Given the striking combinatorial effects of Raf and PKC inhibition on proximal signaling pathway components, we questioned whether this combination would have comparable effects on cell cycle regulatory proteins. Accordingly, we examined the effects of these agents, alone and in combination, on several intermediates that play critical roles in glioma cell cycle progression. U87 and T98G cells were therefore seeded at subconfluence, treated with sorafenib, rottlerin, or the combination of both, and the effects on protein expression levels were assessed. Results from Western blot analysis showed that the combination of sorafenib and rottlerin significantly decreased the levels of cyclin-D1, cyclin-D3, CDK4, and CDK6 (Fig. 5D) compared with controls or each agent individually.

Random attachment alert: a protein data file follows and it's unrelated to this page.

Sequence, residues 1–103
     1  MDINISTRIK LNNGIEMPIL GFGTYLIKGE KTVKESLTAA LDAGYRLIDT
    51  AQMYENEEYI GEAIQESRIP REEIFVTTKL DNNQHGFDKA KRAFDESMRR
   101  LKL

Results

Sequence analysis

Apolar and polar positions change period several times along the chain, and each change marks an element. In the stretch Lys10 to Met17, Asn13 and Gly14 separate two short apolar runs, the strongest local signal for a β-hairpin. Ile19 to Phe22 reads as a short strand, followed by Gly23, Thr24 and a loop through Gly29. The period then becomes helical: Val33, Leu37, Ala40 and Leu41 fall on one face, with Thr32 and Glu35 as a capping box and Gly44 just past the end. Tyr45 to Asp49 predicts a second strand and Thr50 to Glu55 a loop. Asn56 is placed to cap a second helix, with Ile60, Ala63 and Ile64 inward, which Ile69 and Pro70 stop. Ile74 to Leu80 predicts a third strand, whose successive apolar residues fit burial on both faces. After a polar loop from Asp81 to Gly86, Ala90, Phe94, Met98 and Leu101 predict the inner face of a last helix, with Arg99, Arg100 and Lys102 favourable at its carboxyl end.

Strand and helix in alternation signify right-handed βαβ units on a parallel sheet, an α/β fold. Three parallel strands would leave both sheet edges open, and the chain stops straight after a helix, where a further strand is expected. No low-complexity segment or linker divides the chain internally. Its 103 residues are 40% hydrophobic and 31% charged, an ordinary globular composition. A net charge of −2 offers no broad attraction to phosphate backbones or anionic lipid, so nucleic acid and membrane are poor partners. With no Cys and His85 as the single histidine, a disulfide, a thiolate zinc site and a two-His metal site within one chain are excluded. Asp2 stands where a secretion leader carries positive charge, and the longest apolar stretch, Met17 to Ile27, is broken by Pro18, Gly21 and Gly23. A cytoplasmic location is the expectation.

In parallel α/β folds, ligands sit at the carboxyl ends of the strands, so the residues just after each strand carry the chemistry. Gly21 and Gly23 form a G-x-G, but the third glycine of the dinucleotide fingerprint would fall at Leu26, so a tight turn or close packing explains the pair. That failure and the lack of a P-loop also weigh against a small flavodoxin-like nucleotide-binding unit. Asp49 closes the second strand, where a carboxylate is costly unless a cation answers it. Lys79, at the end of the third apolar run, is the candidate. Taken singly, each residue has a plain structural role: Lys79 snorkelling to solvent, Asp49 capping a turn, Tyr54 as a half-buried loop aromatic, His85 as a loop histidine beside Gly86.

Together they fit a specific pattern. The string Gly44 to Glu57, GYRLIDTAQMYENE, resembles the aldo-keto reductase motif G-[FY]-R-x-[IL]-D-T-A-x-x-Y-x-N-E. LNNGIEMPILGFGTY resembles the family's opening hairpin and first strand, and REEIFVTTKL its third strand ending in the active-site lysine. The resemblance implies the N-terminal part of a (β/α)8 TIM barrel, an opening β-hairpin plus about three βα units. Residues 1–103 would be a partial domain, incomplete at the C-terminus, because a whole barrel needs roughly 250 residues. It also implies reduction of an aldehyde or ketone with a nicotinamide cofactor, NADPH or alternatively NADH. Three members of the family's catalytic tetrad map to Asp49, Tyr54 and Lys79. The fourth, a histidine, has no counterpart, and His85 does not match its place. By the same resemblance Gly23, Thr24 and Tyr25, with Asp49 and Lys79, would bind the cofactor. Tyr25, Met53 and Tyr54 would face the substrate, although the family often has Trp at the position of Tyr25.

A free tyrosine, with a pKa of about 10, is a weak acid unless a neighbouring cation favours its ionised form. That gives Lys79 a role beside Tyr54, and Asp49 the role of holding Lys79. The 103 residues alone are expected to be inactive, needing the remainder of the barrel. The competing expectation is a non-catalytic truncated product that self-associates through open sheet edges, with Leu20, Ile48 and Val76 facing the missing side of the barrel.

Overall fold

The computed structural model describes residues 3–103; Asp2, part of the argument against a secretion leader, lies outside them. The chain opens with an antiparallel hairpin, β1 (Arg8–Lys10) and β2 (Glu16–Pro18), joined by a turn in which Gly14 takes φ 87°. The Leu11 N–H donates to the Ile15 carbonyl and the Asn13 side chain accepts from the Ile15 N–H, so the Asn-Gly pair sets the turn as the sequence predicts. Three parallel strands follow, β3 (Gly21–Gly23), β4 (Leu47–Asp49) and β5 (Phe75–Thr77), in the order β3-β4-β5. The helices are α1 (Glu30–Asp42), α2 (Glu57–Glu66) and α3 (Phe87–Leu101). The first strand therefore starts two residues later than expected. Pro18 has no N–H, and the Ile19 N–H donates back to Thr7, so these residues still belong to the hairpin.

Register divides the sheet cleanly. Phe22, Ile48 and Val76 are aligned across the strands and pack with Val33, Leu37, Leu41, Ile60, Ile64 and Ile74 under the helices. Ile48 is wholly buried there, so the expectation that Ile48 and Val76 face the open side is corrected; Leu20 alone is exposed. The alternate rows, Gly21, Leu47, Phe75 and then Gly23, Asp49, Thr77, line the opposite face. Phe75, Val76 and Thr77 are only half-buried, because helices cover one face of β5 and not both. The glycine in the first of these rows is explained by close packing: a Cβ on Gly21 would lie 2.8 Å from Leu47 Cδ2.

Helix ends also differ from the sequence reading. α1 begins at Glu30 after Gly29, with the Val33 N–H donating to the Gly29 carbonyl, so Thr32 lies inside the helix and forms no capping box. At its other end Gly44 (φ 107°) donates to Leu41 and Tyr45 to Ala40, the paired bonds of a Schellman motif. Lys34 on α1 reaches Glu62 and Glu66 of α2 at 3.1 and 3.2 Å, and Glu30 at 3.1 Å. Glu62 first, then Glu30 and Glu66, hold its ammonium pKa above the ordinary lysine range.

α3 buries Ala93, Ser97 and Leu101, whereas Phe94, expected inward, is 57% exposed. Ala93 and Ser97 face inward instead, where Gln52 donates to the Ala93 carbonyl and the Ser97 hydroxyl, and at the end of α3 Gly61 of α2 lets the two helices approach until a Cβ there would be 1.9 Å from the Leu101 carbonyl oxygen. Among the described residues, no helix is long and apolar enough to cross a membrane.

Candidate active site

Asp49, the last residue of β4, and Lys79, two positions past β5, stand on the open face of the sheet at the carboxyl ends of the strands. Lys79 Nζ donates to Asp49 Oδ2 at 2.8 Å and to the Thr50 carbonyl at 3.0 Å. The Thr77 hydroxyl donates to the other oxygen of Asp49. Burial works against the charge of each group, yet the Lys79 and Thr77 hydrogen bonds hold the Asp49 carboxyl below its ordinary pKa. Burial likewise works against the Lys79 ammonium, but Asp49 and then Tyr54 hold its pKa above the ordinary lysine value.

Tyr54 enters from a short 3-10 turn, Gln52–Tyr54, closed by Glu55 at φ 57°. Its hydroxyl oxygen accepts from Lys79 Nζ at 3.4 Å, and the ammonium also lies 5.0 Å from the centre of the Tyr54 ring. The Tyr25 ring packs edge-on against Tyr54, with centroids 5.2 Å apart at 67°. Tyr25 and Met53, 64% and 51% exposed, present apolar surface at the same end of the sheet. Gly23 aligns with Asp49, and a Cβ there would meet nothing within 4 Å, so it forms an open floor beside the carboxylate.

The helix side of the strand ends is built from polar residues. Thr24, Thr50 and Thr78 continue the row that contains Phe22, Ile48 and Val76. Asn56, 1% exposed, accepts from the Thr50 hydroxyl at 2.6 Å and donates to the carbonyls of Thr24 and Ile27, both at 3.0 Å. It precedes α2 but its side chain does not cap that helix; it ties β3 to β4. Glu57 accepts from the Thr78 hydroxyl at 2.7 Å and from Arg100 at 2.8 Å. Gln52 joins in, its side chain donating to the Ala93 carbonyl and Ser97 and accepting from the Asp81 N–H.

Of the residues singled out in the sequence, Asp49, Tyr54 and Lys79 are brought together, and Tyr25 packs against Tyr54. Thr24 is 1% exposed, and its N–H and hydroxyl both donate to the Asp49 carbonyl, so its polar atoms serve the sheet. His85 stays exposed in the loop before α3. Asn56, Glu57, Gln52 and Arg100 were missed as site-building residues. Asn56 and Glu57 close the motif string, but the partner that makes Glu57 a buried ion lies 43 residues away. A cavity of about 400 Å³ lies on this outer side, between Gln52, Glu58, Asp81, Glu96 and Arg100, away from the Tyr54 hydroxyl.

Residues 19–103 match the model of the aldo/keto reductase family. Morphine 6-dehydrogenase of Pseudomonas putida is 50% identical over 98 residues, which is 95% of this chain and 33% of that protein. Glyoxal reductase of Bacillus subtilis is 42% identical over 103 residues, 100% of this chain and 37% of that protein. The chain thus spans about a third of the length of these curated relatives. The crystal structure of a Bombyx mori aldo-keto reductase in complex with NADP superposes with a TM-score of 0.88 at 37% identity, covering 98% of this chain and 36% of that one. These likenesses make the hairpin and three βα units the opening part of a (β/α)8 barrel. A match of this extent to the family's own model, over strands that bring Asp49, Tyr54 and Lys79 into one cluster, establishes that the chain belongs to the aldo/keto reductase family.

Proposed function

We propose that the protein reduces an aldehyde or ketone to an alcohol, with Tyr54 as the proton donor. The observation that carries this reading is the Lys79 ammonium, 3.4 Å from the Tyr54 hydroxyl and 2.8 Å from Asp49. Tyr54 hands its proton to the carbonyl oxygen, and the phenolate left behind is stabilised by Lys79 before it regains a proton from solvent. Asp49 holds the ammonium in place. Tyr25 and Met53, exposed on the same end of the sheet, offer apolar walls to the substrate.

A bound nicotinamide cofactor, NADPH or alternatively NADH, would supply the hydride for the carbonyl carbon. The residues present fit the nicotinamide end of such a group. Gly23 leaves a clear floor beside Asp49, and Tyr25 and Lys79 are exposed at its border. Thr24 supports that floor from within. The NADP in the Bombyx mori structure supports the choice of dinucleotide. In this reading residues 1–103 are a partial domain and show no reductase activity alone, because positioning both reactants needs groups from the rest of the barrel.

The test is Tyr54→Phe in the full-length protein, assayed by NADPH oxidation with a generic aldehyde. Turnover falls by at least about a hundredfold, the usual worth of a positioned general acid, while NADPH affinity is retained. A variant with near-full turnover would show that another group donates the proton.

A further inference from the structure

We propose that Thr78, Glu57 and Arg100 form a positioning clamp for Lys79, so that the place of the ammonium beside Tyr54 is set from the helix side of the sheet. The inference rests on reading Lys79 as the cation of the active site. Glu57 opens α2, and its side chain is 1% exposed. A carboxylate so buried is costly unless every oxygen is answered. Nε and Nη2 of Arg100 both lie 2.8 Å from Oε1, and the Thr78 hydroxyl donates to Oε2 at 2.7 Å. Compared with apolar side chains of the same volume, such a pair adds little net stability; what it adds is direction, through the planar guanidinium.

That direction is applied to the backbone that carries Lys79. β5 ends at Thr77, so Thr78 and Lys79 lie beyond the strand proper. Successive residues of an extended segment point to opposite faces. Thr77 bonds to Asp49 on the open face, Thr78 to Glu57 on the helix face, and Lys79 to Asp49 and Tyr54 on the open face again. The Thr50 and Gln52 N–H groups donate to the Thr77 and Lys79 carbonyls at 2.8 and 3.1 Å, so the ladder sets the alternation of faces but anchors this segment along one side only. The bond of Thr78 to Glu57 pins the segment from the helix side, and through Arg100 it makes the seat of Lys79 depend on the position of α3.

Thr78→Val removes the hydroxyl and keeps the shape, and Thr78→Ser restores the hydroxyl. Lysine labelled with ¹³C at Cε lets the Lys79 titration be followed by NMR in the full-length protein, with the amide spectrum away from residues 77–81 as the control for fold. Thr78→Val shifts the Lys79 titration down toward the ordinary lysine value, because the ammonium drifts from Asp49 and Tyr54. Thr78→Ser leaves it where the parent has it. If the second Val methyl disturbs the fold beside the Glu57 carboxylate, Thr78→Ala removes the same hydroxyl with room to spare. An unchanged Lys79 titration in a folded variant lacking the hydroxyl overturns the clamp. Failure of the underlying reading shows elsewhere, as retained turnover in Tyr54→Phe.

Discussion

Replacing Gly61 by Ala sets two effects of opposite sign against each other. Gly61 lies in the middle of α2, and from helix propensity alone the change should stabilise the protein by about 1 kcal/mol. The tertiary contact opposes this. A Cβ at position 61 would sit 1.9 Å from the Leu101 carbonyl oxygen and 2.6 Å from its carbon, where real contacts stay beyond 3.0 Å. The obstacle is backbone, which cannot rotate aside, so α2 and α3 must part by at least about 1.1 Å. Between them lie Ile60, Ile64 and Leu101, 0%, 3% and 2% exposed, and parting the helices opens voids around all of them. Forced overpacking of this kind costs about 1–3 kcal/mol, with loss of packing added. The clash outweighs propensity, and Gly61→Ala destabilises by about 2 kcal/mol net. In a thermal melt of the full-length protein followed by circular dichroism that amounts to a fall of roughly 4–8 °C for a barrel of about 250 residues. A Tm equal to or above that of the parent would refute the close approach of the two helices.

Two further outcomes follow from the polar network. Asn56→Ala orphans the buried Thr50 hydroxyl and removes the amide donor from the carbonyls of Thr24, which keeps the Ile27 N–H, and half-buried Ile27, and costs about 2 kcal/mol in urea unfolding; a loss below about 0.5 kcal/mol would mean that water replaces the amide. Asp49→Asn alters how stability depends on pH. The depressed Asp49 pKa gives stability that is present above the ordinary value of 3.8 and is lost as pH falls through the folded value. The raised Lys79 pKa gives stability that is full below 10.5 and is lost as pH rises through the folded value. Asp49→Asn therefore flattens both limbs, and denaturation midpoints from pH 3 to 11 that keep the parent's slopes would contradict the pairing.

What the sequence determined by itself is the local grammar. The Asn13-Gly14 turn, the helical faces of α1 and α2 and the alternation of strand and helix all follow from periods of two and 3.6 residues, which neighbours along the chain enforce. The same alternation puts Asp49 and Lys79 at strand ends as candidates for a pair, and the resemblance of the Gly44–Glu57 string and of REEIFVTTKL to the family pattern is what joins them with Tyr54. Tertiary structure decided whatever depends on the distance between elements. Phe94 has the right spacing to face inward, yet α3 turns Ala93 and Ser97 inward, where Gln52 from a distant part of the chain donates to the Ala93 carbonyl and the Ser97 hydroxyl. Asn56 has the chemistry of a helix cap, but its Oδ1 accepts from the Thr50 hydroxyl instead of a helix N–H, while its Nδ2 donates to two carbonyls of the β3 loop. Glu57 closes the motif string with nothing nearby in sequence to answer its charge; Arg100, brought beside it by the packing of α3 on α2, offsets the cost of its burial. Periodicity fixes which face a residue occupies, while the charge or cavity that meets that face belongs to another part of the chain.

Sorafenib and Rottlerin Reduce Cell Migration. Tumor cell migration and invasion is a characteristic feature of malignant gliomas, typically associated with pathological vascularization (Folkman, 1971; Hamby and Showalter, 1999). Given the contribution of VEGF signaling and PKC to this invasive phenotype (Cho et al., 1999; da Rocha et al., 2000), we questioned whether signaling inhibition with sorafenib and rottlerin might inhibit this process in vitro. Figure 6A demonstrates that stimulation of U87 and T98G cells with recombinant VEGF165 protein strongly promotes cell migration. Conversely, the migration of U87 and T98G cells was significantly inhibited by exposure to sorafenib and rottlerin. Both agents not only blocked VEGF-induced migration but also reduced migration to lower than control levels. Moreover, the coadministration of sorafenib and rottlerin showed a supra-additive reduction of U87 and T98G migration, which was virtually eliminated by low concentrations of both agents in combination (Fig. 6B).